The next day I trot over to the board rental place eager to take a surfing lesson only to find that the surf is apparently too high for lessons, and I should try again tomorrow. The surf IS strong and I know that because I go out there to jump around in the ocean some more and start body surfing, which is to say just launching myself on top of waves as they break without a board. I’m not good at estimating wave heights but you can take a look at the photos for a sense of it. It’s a lot of fun, but on my second wave the surf pushes me to the bottom and I land on my rib cage hard, sort of like taking a bad dive playing goal in a soccer game. I shake it off and ride a few more waves until a huge one comes in and flips me ass over teakettle. All I know is that I’m upside down and hurtling headfirst to the ocean floor. I manage to get my arms out in front of me to lessen the impact a little but the wave brings home the piledriver, I land on the top of my head anyway and I feel a nice crunch as my spine absorbs the blow. Lucky to have escaped paralysis, I decide that’s enough swimming for the day and I play fetch with a stray pitbull instead. She follows me home and hangs out with me on my private porch while I read in a hammock. For the first time I wonder about what it would cost to buy a place around here.
Torrential downpour Tuesday night. Get some really excellent pizza across the street at Veloz. More CPK style than Chicago or New York but for foreign pizza, it’s excellent. Return home with a plan to just pass out but decide to sit in my hammock for a bit and write more. Sounds of a band riffing on Get Lucky drift over and after a solid 10 minutes of them jamming on the same song I decide to check them out. By the time I get to the bar they were playing…they were still going on that song. Followed it up with a long jam on Californication, While My Guitar Gently Weeps. and my old jazz band favorite Chameleon. Fortunately I’m not carrying any more cash so I don’t drink any more, but just hang on and absorb another new vibe in a new town. No hippies or Spanish students here, just long haired, 8% body fat, tanned surfers.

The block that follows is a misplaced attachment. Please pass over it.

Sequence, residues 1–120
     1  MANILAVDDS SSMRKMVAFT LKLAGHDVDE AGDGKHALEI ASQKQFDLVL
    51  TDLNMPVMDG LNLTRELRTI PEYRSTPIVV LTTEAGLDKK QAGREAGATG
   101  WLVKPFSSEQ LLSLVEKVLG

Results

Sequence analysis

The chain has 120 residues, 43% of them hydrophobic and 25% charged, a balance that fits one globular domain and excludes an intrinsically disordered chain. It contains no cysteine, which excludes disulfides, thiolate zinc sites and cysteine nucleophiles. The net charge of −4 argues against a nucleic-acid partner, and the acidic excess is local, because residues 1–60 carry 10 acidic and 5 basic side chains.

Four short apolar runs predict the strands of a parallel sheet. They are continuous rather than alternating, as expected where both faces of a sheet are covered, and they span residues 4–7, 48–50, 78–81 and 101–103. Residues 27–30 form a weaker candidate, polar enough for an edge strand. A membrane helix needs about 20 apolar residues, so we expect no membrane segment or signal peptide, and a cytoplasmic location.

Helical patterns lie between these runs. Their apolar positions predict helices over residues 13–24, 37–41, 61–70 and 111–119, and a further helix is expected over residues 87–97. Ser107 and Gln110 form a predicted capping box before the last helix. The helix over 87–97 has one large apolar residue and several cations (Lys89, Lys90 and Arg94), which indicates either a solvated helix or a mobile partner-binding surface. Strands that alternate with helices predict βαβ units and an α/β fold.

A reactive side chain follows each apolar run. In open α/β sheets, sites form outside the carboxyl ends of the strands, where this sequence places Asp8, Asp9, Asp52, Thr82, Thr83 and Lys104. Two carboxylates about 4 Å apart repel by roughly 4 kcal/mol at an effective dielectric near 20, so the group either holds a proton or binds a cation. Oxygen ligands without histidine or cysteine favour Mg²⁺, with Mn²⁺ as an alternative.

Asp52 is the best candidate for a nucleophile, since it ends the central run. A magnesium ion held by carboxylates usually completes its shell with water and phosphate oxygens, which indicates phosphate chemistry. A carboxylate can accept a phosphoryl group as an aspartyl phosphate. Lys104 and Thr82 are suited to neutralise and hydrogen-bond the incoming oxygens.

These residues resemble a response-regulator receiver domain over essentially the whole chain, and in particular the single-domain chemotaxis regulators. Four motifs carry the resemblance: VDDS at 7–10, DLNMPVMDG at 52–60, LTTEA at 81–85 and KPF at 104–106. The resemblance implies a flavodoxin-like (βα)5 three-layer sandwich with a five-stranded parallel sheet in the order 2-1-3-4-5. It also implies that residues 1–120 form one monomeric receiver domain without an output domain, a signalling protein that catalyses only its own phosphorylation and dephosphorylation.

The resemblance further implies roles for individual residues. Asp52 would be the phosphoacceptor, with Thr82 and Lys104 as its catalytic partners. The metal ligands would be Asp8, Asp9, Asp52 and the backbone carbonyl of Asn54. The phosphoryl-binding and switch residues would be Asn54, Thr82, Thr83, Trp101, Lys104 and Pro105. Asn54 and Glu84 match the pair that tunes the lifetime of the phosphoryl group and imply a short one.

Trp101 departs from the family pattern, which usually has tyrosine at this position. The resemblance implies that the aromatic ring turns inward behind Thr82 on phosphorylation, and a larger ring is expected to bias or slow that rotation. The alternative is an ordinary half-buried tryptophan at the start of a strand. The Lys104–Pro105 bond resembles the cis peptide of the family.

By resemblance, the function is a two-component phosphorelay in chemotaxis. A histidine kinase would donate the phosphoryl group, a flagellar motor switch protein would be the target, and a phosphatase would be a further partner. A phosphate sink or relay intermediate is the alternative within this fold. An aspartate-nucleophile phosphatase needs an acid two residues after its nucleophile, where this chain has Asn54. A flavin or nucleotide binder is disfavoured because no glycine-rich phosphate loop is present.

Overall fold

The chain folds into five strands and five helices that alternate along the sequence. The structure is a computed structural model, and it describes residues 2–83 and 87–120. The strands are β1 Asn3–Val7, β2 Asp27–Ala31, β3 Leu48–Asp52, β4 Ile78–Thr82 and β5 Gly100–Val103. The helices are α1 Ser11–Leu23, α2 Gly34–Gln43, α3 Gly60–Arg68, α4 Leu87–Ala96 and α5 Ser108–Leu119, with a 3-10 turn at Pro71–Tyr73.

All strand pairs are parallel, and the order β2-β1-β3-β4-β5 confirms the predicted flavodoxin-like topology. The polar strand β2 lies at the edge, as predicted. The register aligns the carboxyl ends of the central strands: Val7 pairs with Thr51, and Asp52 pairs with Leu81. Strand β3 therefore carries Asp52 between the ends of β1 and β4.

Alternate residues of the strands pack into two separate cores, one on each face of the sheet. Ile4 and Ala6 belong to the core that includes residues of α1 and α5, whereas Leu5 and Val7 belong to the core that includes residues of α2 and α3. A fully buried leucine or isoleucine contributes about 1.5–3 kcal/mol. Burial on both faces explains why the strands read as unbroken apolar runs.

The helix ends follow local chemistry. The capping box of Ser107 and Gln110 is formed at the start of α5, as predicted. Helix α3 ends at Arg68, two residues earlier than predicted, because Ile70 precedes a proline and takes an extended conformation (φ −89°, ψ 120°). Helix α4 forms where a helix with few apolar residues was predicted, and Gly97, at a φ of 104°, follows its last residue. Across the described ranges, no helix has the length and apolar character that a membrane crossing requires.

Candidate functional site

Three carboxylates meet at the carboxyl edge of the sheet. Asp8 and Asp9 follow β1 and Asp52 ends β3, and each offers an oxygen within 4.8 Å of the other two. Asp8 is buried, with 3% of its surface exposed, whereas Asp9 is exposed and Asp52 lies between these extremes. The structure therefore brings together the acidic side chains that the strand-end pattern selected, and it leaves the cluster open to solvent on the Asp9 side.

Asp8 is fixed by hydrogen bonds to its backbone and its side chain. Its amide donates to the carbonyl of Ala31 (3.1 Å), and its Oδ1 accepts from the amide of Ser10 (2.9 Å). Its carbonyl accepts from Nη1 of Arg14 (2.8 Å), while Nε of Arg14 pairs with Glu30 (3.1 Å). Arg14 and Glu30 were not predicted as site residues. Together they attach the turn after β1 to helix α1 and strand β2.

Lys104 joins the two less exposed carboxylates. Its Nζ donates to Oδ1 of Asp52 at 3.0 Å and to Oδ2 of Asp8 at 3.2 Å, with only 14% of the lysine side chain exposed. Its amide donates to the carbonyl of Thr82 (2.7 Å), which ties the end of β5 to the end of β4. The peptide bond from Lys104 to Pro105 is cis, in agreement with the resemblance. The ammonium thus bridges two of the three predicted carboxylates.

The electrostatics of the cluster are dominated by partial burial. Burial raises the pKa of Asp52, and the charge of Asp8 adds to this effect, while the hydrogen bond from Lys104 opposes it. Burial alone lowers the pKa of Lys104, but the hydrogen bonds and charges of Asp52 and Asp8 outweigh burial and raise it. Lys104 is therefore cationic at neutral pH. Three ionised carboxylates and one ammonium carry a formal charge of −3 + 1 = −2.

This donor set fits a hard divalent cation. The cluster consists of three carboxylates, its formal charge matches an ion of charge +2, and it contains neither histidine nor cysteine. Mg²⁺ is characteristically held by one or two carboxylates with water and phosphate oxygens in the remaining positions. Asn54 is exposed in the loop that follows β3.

The next morning I’m back at the surf shop and told no lesson in the morning, try again in the afternoon, and I wonder if I’m ever actually going to get on a surfboard. Finally at around 2pm I’m handed an absurdly long surfboard in exchange for $10 and embark on what is the most physically punishing hour of my trip until I reach Base Torres in Chile.